Since the BPDA’s plan to revitalize this area of Jackson Square began over a decade ago several milestones have been completed by Jackson Square Partners, LLC. 

Already the development team has completed Jackson Commons. This project cost more than $21 million and consists of a 37 unit, mixed-use and mixed income housing development near the Jackson Square MBTA stop. The development is more than 10,000 square feet of ground floor retail, as well as 2,000 square feet of retail and commercial space. The redevelopment consisted of the adaptive re-use and renovation of the 100 year old, three story, 23,600 square foot Webb Building. The residential unit mix includes 25 two-bedrooms, 7 one bedrooms and 5 three-bedrooms.  Eight units are reserved for homeless/formerly homeless residents while the remaining 29 units are affordable units. 

The city and developer recently celebrated the groundbreaking of 75 Amory Ave. This development kicked off the third phase of a $16 million development that will create 39 units of affordable housing for families. The project also secured $200,000 from the EPA in the form of brownfields grant for the remediation of the former industrial sites next to Jackson Commons at 1542 Columbus Avenue. This land will be transformed into a recreation center for the neighborhood.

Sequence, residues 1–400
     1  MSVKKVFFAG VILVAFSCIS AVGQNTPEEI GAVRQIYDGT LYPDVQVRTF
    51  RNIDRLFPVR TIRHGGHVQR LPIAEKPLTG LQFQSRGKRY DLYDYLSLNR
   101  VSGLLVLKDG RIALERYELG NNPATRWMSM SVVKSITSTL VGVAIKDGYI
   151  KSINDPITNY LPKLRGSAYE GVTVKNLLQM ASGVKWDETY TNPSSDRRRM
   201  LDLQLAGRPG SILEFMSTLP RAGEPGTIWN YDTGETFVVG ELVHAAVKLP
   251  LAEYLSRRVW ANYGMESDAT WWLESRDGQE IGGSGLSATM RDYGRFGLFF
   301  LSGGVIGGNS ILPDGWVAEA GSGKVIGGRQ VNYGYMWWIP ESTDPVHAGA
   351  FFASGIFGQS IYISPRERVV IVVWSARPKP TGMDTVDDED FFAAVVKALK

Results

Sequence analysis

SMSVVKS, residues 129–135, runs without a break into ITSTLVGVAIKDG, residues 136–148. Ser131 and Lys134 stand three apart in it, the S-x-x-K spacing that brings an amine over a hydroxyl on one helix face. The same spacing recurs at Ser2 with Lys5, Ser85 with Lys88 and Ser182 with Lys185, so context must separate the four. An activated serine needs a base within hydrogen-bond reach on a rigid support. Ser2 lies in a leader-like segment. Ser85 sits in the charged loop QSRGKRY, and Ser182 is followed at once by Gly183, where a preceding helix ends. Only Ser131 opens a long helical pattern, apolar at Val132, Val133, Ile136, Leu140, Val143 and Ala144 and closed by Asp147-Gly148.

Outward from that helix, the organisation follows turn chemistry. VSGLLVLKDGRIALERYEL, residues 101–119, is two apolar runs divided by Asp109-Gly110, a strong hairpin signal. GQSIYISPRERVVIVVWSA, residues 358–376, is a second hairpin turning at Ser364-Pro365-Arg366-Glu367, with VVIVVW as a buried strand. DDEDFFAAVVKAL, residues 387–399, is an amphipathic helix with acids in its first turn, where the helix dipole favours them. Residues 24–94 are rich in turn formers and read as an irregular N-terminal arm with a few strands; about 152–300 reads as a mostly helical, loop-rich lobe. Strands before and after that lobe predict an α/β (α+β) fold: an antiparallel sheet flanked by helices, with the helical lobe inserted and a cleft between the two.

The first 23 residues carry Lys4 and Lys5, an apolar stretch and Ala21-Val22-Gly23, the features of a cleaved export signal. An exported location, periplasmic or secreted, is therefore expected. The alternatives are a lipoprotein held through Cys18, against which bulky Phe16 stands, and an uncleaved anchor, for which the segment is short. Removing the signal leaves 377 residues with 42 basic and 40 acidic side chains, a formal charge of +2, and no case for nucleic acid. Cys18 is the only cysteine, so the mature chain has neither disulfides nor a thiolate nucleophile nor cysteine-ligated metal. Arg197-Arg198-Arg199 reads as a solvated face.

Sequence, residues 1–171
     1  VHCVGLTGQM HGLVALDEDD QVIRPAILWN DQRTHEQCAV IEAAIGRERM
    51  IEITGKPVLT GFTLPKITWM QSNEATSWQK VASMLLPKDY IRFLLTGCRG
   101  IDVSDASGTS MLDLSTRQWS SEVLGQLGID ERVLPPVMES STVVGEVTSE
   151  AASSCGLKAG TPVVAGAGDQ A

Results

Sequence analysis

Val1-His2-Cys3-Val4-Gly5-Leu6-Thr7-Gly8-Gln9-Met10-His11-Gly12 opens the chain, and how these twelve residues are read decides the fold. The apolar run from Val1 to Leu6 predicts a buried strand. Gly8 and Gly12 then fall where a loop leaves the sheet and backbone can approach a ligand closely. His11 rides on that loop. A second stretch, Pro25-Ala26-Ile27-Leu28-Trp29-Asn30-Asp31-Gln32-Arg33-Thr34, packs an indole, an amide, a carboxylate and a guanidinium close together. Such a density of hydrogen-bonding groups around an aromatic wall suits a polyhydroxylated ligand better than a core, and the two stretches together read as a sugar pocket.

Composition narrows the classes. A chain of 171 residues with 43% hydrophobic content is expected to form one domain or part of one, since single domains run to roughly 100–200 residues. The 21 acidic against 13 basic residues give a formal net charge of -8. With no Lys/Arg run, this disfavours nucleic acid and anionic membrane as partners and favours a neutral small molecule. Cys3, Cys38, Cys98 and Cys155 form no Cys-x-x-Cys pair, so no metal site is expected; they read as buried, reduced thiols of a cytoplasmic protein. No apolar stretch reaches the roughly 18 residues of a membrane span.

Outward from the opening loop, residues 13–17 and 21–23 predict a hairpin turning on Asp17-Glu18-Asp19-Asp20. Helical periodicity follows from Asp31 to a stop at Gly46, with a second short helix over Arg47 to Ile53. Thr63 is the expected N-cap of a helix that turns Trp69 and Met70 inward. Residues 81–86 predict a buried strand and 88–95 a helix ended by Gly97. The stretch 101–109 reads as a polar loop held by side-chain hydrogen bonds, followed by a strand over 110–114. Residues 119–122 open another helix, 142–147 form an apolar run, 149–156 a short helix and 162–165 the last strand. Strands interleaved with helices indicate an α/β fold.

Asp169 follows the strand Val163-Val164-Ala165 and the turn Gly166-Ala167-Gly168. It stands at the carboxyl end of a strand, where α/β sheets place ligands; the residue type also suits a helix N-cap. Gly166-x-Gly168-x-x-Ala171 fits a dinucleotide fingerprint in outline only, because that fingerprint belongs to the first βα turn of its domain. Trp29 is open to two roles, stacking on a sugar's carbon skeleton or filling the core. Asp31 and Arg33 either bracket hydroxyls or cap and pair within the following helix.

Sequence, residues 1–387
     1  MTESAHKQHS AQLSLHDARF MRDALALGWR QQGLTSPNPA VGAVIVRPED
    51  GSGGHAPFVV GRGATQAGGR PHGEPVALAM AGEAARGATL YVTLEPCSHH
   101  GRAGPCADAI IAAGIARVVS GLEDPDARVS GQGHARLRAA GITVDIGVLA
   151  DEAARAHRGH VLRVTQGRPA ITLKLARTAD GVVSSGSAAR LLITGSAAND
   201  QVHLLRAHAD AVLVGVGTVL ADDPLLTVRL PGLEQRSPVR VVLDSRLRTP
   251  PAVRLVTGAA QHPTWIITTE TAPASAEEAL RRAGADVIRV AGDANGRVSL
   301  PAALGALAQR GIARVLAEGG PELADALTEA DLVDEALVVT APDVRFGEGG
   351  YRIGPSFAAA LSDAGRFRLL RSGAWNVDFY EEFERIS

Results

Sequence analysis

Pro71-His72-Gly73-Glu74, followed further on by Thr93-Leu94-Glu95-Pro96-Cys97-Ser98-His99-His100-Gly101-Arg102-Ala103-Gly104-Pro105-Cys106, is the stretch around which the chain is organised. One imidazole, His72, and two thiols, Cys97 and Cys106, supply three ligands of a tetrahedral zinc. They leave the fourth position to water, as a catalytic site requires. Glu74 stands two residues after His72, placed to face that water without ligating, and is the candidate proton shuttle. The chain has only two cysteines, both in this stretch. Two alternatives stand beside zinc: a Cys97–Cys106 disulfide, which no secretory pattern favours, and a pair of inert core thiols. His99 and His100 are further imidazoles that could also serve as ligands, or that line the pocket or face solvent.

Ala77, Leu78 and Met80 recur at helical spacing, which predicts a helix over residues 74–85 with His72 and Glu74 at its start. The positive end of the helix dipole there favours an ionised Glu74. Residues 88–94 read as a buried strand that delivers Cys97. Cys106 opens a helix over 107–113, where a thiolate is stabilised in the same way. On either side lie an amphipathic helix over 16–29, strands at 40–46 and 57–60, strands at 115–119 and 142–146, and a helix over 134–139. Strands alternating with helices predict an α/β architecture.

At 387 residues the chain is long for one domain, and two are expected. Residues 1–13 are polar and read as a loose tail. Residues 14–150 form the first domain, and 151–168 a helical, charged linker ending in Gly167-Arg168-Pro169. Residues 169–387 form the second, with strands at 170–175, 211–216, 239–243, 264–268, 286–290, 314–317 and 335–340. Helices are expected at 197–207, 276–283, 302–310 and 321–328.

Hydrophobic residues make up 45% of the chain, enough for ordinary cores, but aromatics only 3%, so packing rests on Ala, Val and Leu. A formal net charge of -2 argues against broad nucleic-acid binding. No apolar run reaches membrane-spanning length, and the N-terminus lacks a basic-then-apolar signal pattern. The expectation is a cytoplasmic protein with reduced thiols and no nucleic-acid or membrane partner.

Walsh and the BHA said in accordance with the City of Boston’s Green Affordable Housing Program, Holtzer Park will utilize a high-efficiency heating system and building envelope, as well as Energy Star-rated appliances. The development will employ environmentally friendly design features throughout and will meet the U.S. Green Building Council LEED Homes Gold certifiable standard. The housing development will also meet the U.S. Environmental Protection Agency’s Energy Star standards. The development team is made up of Urban Edge, ICON Architecture, and NEI General Contracting.

Walsh said Holtzer Park has been made possible in part by more than $2.71 million in funding from the City of Boston, $750,000 in Neighborhood Housing Trust, as well as more than $15.8 million in State and Federal Low Income Housing Tax Credits from the Commonwealth’s Department of Housing and Community Development (DHCD). Financing team members also include the Community Economic Development Assistance Corporation, MassDevelopment, MassHousing, Massachusetts Housing Investment Corporation, Citizens Bank, Massachusetts Housing Partnership,  the Federal Home Loan Bank of Boston, Boston Private, The Life Initiative, and the US Department of Housing and Urban Development.

“This project is a fantastic example of how our strong non-profit partners like Urban Edge are able to layer multiple state, federal, and local funding sources to create opportunities for our families,” said Housing and Community Development Undersecretary Jennifer Maddox. “We are excited to see the Baker-Polito Administration’s investments in the neighborhood, through MassWorks Infrastructure funding, MassDevelopment’s Brownfields program and our own affordable housing awards help advance this great work.”